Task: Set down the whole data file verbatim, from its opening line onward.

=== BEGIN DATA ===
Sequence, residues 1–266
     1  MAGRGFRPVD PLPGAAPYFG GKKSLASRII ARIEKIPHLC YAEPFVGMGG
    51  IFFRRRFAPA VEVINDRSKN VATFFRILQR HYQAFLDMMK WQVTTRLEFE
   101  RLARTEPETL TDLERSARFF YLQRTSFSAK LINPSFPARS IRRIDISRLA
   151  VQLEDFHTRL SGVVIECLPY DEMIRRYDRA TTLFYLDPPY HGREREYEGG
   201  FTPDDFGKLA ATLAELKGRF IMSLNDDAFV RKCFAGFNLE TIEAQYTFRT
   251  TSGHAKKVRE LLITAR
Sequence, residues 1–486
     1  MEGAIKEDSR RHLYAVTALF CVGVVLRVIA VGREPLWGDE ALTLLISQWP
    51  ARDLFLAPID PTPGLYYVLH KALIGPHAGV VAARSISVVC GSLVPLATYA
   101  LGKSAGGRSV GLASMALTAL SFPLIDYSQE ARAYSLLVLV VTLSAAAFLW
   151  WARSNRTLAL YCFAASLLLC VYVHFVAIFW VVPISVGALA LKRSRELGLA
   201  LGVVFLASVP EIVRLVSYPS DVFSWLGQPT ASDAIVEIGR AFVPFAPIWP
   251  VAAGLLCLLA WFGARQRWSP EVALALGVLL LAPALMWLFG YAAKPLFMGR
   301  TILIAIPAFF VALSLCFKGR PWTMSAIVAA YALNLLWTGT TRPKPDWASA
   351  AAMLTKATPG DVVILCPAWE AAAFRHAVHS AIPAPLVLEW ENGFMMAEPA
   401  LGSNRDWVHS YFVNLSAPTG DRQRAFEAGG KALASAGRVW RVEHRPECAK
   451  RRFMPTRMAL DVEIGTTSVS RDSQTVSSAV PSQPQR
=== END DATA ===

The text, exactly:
Sequence, residues 1–266
     1  MAGRGFRPVD PLPGAAPYFG GKKSLASRII ARIEKIPHLC YAEPFVGMGG
    51  IFFRRRFAPA VEVINDRSKN VATFFRILQR HYQAFLDMMK WQVTTRLEFE
   101  RLARTEPETL TDLERSARFF YLQRTSFSAK LINPSFPARS IRRIDISRLA
   151  VQLEDFHTRL SGVVIECLPY DEMIRRYDRA TTLFYLDPPY HGREREYEGG
   201  FTPDDFGKLA ATLAELKGRF IMSLNDDAFV RKCFAGFNLE TIEAQYTFRT
   251  TSGHAKKVRE LLITAR
Sequence, residues 1–486
     1  MEGAIKEDSR RHLYAVTALF CVGVVLRVIA VGREPLWGDE ALTLLISQWP
    51  ARDLFLAPID PTPGLYYVLH KALIGPHAGV VAARSISVVC GSLVPLATYA
   101  LGKSAGGRSV GLASMALTAL SFPLIDYSQE ARAYSLLVLV VTLSAAAFLW
   151  WARSNRTLAL YCFAASLLLC VYVHFVAIFW VVPISVGALA LKRSRELGLA
   201  LGVVFLASVP EIVRLVSYPS DVFSWLGQPT ASDAIVEIGR AFVPFAPIWP
   251  VAAGLLCLLA WFGARQRWSP EVALALGVLL LAPALMWLFG YAAKPLFMGR
   301  TILIAIPAFF VALSLCFKGR PWTMSAIVAA YALNLLWTGT TRPKPDWASA
   351  AAMLTKATPG DVVILCPAWE AAAFRHAVHS AIPAPLVLEW ENGFMMAEPA
   401  LGSNRDWVHS YFVNLSAPTG DRQRAFEAGG KALASAGRVW RVEHRPECAK
   451  RRFMPTRMAL DVEIGTTSVS RDSQTVSSAV PSQPQR